• #107
  18. RufusRJones Member
    RufusRJones
    @RufusRJones

    Gumby Mark (R-Meth Lab of Demo… (View Comment):

    If so, how would one try to convince the American voting public of this?

     

    I’m convinced the only way to do it is with free market interest rates. When all of the Western central banks plus China are blowing bubbles and then cleaning up the mess with low interest rates and bailing out the stupid financial system you aren’t going to control spending. Spending can’t be controlled with political will, when you have a discretionary central-bank. 

    Government bonds don’t reflect the stupidity of how fiscally irresponsible all of the Western governments are. There are a bunch of reasons for this, but eventually we will pay, somehow. 

    I mean it is just laughable that the GOP ever was fiscally responsible, but it’s really structural. You can’t explain it to anybody. @iwalton has had some really good ideas, but good luck getting the GOP to be that creative and intelligent.

    Medicare Part D was the big one for a lot of experts. A $9 trillion Instant unfunded liability so Bush could finish off Iraq.

    Watch this and then tell me who is to blame. 

     

     

    • #108
  19. Mark Camp Member
    Mark Camp
    @MarkCamp

    Gumby Mark (R-Meth Lab of Demo… (View Comment):

    Mark Camp (View Comment):

    RufusRJones (View Comment):

    If central banks do anything except back up the financial system in a punitive way, bad things will happen. It’s unworkable GOSPLAN-style guesswork.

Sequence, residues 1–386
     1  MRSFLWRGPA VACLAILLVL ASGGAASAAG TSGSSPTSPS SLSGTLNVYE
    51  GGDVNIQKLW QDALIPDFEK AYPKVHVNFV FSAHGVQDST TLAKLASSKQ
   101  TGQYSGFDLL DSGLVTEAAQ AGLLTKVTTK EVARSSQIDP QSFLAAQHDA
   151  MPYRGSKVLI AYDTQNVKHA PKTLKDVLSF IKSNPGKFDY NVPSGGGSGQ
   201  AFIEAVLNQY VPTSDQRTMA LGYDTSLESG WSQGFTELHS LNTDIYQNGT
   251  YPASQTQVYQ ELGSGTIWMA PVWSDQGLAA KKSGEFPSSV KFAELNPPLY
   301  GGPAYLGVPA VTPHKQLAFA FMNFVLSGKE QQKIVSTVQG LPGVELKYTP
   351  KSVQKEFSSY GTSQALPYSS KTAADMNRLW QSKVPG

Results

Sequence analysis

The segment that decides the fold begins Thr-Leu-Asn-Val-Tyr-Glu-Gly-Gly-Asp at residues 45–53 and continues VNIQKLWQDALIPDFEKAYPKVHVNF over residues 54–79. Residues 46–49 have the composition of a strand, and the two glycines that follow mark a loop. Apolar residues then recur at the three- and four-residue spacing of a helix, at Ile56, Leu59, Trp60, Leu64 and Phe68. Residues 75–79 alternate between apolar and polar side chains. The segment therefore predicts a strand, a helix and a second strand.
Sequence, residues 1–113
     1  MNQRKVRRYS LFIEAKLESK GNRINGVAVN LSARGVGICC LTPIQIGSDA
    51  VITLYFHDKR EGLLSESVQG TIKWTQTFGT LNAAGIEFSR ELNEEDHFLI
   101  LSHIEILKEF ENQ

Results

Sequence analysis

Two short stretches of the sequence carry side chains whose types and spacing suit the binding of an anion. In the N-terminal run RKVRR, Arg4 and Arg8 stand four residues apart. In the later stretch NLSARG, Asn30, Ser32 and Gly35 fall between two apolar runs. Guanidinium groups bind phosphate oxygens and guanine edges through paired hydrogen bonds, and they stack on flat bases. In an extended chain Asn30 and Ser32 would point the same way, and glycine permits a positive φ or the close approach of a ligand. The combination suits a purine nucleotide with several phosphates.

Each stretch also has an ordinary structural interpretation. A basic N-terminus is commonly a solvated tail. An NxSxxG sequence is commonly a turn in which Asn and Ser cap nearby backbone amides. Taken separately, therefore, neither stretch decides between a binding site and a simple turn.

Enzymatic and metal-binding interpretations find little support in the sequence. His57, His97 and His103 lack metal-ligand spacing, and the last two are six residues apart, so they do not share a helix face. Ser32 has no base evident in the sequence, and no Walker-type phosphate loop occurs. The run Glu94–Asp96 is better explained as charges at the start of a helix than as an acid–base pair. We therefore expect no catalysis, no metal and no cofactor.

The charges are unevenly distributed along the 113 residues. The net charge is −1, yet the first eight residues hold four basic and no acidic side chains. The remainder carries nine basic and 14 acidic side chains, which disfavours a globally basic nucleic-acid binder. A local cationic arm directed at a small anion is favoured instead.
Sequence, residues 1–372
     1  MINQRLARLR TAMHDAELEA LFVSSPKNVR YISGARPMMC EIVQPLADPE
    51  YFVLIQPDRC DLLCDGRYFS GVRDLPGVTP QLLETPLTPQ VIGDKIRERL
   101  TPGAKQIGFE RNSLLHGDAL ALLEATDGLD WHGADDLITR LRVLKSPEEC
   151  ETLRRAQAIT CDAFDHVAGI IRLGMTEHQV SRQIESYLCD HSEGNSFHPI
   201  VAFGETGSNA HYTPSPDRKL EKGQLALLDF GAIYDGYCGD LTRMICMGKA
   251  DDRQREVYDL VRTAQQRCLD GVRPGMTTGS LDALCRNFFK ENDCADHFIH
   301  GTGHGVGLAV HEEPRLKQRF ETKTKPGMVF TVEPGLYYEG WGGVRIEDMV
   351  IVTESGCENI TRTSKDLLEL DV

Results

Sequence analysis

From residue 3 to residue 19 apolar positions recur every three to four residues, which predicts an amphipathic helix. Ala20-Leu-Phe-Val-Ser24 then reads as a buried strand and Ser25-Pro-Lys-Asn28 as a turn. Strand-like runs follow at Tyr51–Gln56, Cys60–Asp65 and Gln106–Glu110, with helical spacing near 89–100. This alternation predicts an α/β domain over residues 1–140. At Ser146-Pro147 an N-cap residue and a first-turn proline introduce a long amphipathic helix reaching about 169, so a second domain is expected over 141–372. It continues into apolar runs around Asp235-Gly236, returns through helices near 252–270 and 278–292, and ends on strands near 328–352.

I completely agree. I think that you expressed their most beneficial possible role very well.

    Since I have completely lost the thread of what the two of you are talking about do either of you have an opinion as to the original questions posed in this post?

    The article is about the possibility of a debt crisis, caused by the US government’s large and expanding debt.  The question is whether the Fed, which is charged with preventing financial crises, will be able to do that, and if so, how?  How should it intervene?

    Does an unending stream of trillion dollar + deficits and rapidly increasing national debt pose a real threat to the stability and economic future of America?

    I think that it is dangerous to the stability of the financial system.  I agree with what I took to be the OP’s point, that many who have been predicting an imminent disaster were off base.  I have observed that they have based their predictions on a naive understanding of government borrowing and how our monetary system is run.  But yes, it’s a problem.

    If so, how would one try to convince the American voting public of this?

    It has to start with restoring sound economics education in secondary and especially higher education.  But the more we do at the grass roots level, on sites like Ricochet, the better.  There has to be a public awareness of the problem of economic ignorance before someone recognizes the need to change our educational curriculum, and makes the needed changes.

    • #109